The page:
Speed Limits

Updated: July 2022

What’s happening now?

SDOT workers install a new 25 mph speed limit signOver the past couple of years, we installed thousands of new 25 MPH speed limit signs across the city. Now, more than 90% of city of Seattle arterial streets are signed at 25 MPH and at more frequent intervals. This is a major milestone in our speed reduction work.

Signs are a start. The design of our streets greatly influences how fast people drive. We are continuing to redesign streets to reduce vehicle speeds and are looking for ways to do that in more places.


Speed is the critical factor in the frequency and severity of crashes.

As we continue to redesign our high injury network of streets, we’re also looking at proactive, systemwide improvements. Lowering speed limits across the city is a key element of this work.

Since Seattle adopted Vision Zero in 2015, we've made big strides lowering speed limits across the city, prioritizing the safety of people over the throughput and speed of vehicles. Seattle is one of the first cities in the country to study how reducing speed limits and increasing speed limit sign frequency improves safety for everyone. Early results show a decrease in vehicular speeds and a reduction of up to 39% in crashes.

Comparison of a driver's field of vision at 15 mph and at 30 mph. The 15mph driver can see the road as well as pedestrians off to the sides, the 30 to 40 mph driver can only see a narrow portion of the road.

A driver's field of vision increases as speed decreases.  At lower speeds, drivers can see more of their surroundings and have more time to see and react to potential hazards.

In early 2020, we started our work with posting speed limit signs on every arterial street in the city and we completed this work in early 2021. People will see more speed limit signs (we're putting them in every quarter mile) to increase awareness. 

Check out the Speed Limits map below to see our progress so far.


Lowering vehicular speeds has been and will continue to be a key part of Seattle's Vision Zero efforts.

We'll say it again: speed is the critical factor in the frequency and severity of crashes. A few miles per hour difference can make a big impact on a person's chance of survival. 

This image details survival rates of pedestrians if hit by vehicles traveling at different speeds. 9 out of 10 pedestrians survive if hit by a vehicle traveling at 20 miles per hour. 5 out of 10 pedestrians survive if hit by a vehicle traveling at 30 miles per hour. Only 1 out of 10 pedestrians survive if hit by a vehicle traveling at 40 miles per hour.

Race and social justice

We're seeing that speed limit signs alone can improve public safety, even without changes in enforcement or urban design.

This finding is important because enforcement disproportionately impacts Black people and other people of color. At SDOT, we are learning and listening to how our urban spaces disproportionately place Black people in harm's way. In addition, speed limit signs are the most cost-effective method of reducing speed, and lead to promising results for safety.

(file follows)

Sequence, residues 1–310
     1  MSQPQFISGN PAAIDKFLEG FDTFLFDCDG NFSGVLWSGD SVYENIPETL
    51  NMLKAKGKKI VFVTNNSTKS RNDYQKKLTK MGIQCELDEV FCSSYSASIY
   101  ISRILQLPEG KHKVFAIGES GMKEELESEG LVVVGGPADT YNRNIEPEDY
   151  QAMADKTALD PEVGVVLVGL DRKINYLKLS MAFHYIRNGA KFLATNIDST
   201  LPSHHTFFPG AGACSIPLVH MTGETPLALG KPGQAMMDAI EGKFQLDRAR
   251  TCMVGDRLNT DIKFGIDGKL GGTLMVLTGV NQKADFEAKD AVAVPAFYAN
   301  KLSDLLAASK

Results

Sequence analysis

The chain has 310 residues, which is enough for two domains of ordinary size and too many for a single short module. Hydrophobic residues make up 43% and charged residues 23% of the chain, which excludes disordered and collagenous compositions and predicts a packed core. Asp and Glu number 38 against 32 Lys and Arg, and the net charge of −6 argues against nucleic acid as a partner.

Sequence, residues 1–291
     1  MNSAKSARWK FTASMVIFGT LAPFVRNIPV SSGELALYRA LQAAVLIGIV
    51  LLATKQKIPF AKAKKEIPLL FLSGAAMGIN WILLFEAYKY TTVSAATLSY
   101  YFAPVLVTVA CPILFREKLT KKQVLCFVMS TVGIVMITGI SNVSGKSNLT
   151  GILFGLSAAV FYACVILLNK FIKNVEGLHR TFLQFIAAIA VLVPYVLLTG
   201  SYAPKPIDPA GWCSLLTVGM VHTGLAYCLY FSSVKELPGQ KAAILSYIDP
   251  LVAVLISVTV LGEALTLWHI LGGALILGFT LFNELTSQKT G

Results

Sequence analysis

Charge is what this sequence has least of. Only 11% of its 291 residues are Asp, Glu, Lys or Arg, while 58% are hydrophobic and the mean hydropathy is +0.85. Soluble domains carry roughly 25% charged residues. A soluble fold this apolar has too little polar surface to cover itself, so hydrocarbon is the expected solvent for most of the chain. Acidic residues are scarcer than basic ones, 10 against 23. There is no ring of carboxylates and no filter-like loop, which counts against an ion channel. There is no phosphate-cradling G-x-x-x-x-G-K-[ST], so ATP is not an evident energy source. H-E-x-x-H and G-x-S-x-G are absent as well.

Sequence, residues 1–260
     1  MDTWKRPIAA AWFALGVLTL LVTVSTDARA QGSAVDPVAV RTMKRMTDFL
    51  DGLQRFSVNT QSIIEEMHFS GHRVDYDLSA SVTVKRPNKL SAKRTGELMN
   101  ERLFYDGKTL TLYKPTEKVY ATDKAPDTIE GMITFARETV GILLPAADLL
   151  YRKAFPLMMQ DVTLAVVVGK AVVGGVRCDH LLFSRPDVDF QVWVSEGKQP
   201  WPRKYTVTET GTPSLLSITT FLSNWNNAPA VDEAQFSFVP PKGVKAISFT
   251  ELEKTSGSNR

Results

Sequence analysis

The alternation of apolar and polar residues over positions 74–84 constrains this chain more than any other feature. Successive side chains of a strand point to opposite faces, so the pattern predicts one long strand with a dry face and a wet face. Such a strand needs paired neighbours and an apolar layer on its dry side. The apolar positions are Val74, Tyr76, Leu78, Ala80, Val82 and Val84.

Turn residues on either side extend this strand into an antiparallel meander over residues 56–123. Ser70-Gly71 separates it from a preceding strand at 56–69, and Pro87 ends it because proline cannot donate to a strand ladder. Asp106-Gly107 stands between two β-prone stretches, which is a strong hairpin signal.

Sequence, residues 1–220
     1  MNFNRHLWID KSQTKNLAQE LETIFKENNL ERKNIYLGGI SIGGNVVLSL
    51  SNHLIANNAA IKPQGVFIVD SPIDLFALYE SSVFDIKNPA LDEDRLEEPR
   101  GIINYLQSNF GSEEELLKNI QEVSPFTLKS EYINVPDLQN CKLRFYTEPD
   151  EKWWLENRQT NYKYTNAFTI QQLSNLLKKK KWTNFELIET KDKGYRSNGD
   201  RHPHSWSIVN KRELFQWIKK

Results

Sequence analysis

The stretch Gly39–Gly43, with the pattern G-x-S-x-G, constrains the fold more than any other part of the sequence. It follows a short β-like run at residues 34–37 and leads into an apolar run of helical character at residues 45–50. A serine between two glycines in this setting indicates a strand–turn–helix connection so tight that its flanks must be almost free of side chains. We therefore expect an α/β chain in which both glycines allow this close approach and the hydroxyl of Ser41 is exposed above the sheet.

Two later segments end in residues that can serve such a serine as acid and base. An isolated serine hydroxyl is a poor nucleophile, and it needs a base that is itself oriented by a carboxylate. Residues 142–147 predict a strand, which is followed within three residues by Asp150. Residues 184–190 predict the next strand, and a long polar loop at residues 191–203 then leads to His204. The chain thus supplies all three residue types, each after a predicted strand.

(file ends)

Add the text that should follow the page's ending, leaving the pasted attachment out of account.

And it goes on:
What We've Done So Far

Our early work with reducing speed limits started with redesigning high injury streets - places that have had high frequency of crashes due to vehicular speeds and activity from those who walk and roll throughout the corridor. We'll continue redesigning streets and making proactive, systemwide changes.

In 2016, we changed the Seattle Municipal Code to reduce citywide default speed limits. The default speed limit for non-arterial streets changed from 25 MPH to 20 MPH. The default speed limit for arterial streets changed from 30 MPH to 25 MPHunless otherwise posted. At that time, we installed new signs at highway off-ramps, ferry terminals, and at the arterial city limits, and reduced downtown speed limits to 25 MPH.

In 2017, we focused our speed limit efforts on urban villages (think: neighborhood business districts). These are where we see the most activity (lots of people walking, biking, driving, and taking transit) and the most crashes involving pedestrians - nearly 80% of pedestrian collisions occur within or near urban villages.

In 2020, we moved forward with reducing speed limits to 25 MPH for most arterial streets across the city, with some arterial streets posted 30-35 MPH.

In 2021, we reduced speed limits on several WSDOT arterials and will continue working closely with WSDOT on evaluating lower speed limits on the state arterials that go through the city.

Click the image below to enlarge the timeline of speed limit changes

A timeline illustrating the speed limit changes shared in text above


This work is funded by the Levy to Move Seattle, a 9-year $930 million levy approved by voters in 2015.

City of Seattle Speed Limit Map

The map below reflects current speed limits and upcoming speed limit work we've issued to city crews.

Click on a street to see what the speed limit is.


Greg Spotts, Director
Address: 700 5th Ave, Suite 3800, Seattle, WA, 98104
Mailing Address: PO Box 34996, Seattle, WA, 98124-4996
Phone: (206) 684-7623

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The Seattle Department of Transportation (SDOT) is on a mission to deliver a transportation system that provides safe and affordable access to places and opportunities for everyone as we work to achieve our vision of Seattle as a thriving, equitable community powered by dependable transportation.